Site Meter Elsie's Space: September 2006

Elsie's Space

Location: New England, United States

Not much to tell.

Friday, September 29, 2006

It's been a difficult day...

watching families mourn their loved ones so openly and so publicly. They all had a story to tell of how their lives have changed since The Fire. It's a small community here, the club just miles from my home, and everyone has been affected one way or another.

Then my old, wonderful friend Jody took the stand. We knew each other well way back when, both of us graduates of the class of '79. He looked right into the face of another classmate, Mike, one of the brothers who owned the club. Jody was the first to say the fire was an accident. I'm so proud of him. It is the first time I've seen Mike cry in public. In a strange way, I'm proud of him, too. Jody is hurting having lost his little brother. Mike is hurting, being held responsible for the death of 100. I'm hurting, watching them both.

I know it won't end here for either of them or the families of the other 99. Jody lives without his brother. Mike has lost everything and will spend four years in jail. I will go on praying for peace for them both. It's a senseless tragedy. We will not forget.

Wednesday, September 27, 2006

Just wondering...

what it means when someone is commenting on your blog while you're commenting on theirs. Is it purely a coincidence, a "jinx, you owe me a soda" moment, or something else? It seems to happen with some frequency. Maybe it just means that we have nothing better to do. Maybe it means we have too much to do, and we can speed on our computers. Maybe it means nothing at all.

Tuesday, September 26, 2006

Oh, What a Night!

Filled with excitement, that's for sure. It started out quietly enough. The children were doing their homework. I was preparing dinner, busy chopping vegetables.

The phone rings.


"This is ABC Security calling. Please give me your password." ABC Security is our alarm company, but they've only called once in the seven years we've lived here.






"Yes, that's it. We're showing a fire at this address."

"What?" (And how long were they going to let me try to guess my password without telling me there's a fire?)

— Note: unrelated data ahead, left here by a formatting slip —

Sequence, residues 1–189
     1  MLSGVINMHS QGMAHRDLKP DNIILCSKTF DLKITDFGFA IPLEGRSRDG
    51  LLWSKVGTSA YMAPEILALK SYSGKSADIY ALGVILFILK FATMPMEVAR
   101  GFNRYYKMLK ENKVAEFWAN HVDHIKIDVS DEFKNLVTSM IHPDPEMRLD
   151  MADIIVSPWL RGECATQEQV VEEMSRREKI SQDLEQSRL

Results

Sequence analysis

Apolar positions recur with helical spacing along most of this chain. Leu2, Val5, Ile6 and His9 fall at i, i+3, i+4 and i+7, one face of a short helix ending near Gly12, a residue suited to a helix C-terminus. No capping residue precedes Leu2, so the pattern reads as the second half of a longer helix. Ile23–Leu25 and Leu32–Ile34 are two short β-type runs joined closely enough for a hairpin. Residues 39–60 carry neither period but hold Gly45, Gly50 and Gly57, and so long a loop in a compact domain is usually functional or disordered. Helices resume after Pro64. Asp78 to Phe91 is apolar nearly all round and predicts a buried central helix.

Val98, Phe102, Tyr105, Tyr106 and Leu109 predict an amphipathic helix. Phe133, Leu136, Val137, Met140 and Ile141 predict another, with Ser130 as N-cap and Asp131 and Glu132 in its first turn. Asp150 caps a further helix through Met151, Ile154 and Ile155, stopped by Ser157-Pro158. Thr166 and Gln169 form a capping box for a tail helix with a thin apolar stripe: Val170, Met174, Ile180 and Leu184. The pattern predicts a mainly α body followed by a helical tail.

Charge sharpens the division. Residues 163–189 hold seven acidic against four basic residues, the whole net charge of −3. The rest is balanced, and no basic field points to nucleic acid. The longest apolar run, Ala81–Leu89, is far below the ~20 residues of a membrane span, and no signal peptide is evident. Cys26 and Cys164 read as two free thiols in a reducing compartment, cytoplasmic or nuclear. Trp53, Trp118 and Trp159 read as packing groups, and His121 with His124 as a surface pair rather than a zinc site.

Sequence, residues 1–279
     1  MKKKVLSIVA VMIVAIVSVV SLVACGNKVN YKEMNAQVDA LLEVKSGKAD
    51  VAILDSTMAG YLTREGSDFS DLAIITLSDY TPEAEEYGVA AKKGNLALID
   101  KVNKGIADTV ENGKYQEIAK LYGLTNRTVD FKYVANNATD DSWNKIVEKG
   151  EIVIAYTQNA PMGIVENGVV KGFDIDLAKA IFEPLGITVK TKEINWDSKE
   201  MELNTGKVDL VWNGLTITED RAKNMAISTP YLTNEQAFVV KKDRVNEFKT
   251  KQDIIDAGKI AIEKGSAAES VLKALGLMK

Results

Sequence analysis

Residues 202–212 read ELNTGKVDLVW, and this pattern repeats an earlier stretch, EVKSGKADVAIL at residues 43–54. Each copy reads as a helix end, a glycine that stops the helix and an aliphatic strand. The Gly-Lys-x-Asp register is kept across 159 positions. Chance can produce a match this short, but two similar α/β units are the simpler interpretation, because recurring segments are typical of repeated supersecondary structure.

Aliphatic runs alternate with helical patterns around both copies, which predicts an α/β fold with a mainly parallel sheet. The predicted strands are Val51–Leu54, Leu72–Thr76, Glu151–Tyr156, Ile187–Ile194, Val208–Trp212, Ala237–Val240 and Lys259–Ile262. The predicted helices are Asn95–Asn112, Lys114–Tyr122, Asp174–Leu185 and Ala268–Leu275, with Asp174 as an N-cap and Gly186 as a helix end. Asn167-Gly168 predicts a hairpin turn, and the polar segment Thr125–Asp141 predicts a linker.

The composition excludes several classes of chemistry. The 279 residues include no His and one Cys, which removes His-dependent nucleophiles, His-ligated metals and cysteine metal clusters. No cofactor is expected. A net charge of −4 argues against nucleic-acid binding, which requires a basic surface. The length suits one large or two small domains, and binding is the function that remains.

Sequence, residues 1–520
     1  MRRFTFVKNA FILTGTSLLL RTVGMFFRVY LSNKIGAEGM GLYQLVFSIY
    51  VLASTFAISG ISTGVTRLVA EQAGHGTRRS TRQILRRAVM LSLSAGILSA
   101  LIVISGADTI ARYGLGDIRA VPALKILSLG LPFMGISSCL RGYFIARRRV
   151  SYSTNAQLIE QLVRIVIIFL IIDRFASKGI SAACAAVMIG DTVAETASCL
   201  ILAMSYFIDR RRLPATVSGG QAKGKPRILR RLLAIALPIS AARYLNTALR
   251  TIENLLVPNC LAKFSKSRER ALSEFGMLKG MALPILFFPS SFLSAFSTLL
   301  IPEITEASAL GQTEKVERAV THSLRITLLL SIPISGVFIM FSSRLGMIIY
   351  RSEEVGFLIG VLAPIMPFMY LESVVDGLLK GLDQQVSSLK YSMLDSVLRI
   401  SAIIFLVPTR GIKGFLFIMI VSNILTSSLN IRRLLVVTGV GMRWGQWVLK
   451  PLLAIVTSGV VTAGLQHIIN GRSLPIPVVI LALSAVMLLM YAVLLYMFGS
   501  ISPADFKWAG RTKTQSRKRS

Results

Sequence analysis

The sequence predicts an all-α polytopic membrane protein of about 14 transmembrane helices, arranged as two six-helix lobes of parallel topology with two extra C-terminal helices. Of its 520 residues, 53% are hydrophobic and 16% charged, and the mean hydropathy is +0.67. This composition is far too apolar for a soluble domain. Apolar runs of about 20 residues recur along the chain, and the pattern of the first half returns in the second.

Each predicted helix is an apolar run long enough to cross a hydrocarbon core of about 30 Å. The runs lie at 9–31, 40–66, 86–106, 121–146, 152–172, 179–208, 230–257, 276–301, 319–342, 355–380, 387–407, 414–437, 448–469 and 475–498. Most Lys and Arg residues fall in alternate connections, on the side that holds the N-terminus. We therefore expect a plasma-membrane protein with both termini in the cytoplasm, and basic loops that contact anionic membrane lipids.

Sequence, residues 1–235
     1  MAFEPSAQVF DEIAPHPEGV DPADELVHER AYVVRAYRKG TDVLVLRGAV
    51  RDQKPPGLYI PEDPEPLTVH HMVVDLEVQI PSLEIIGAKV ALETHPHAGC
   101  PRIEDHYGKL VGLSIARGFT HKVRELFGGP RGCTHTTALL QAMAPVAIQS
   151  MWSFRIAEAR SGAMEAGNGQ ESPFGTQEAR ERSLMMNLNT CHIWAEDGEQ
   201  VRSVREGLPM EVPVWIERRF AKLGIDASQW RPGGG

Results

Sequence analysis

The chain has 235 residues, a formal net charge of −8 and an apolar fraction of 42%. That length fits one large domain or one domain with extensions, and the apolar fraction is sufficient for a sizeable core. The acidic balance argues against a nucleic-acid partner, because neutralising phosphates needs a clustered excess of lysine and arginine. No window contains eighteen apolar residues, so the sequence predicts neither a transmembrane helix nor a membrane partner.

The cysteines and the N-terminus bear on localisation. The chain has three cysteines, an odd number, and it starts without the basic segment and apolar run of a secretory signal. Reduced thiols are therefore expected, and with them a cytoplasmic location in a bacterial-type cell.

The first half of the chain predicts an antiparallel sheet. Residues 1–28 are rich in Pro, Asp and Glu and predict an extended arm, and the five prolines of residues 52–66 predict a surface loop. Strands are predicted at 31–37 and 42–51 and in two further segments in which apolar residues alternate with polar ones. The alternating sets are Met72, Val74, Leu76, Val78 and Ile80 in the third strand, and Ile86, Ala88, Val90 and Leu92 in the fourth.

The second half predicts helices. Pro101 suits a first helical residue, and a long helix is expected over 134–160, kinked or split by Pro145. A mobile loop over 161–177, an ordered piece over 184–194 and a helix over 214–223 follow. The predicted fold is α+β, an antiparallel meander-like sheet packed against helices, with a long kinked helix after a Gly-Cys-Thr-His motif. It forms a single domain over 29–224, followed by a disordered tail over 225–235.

"There's an alarm indicating a fire at your address."

"Okay. I don't see, hear, smell anything."

"It indicates it's in the attic."

"Okay. Just a minute." I go to where the ladder/stairs pull down to access the attic. I can hear popping sounds. Back to the phone.

"I can hear some popping noises, but can't see or smell anything."

"Could you please go up there to check?"

"Sorry, I can't. (I can't believe I feel the need to explain). I just had surgery and can't pull the stairs all the way down or climb up."

"We'll have to send the fire department then."


"Please exit the residence."

No need to tell me that. "KIDS, GET OUT OF THE HOUSE RIGHT NOW!! WAIT. TAKE THE DOG!!" They look at me like I'm nuts, but they must know I mean business, because they're out in record time. Me, I'm barefooted. Go to get my sneakers. Crap. They're on the floor. Doctor's orders -- absolutely no lifting or bending. So I leave barefoot.

"What's going on, Mom?"

"The alarm people called and said there's a fire in the house." Katie starts to cry. "It's okay, honey. We're all outside." And then we hear the sirens. Lots of sirens. The dog starts acting crazy. "Take the dog to the tennis court and shut the gate. Stay there until I come for you."

The fire department arrives, sirens wailing, lights flashing. Three "regular" engines (I don't know what they're called), a ladder truck, and a rescue.

"Ma'am, we received a call from your alarm company. Which way to the attic?"

Ma'am. I hate that. Should I call him son? "Through the door, over the stairwell on the right."

He runs in. Then come more men and more and more. At least 15 firefighters descend upon my house. I look at the kids and can see that my daughter is in serious distress. I go toward them and get them to come out. We stand there, far from the house, just watching. These guys sure seem to know what they're doing. But why are they all running into my house with axes?

Then the Chief pulls up in his own car. Hell, the Chief. It must be bad.

Then one firefighter comes out and says, "Ma'am (again?), we can't find anything inside. Did you call your alarm company?"

"No. They called me saying there was an alarm indicating a fire in the attic. I could hear some popping sounds, but couldn't get up there, so they called you."

"Well that explains it, I think. Something activated the alarm, and your speaker was trying to turn on but couldn't. It was your speaker making the popping sounds."

"What speaker?"

"There's a speaker in the attic that should have sounded. We were listening for your alarm on the way over, and that explains why we didn't hear it. You need to get the alarm company over hear to check it. Your system was inspected last February, but something's not right. We also checked your smoke detectors (they're separate from the alarm system -- fire codes and all that). They seem to be working fine, but since there was no smoke, they didn't sound."

Then, one by one, firefighters exit my house. They're very friendly, all smiling. Then the Chief comes over. "We didn't find any sign of fire, but there's a couple of guys still in there with the infrared sensor. They should be out in a while."

Three young men come out, perhaps twenty minutes later. "Ma'am, we went over your house thoroughly with the infrared sensor. It shows any hot spots. We went over all the walls, the wiring in the attic, the space over your garage and family room. Everything looks fine. No sign of heat at all."

"Great, thank you so much."

The trucks begin to leave, one by one. The last group out gives us big smiles and waves. We wave back.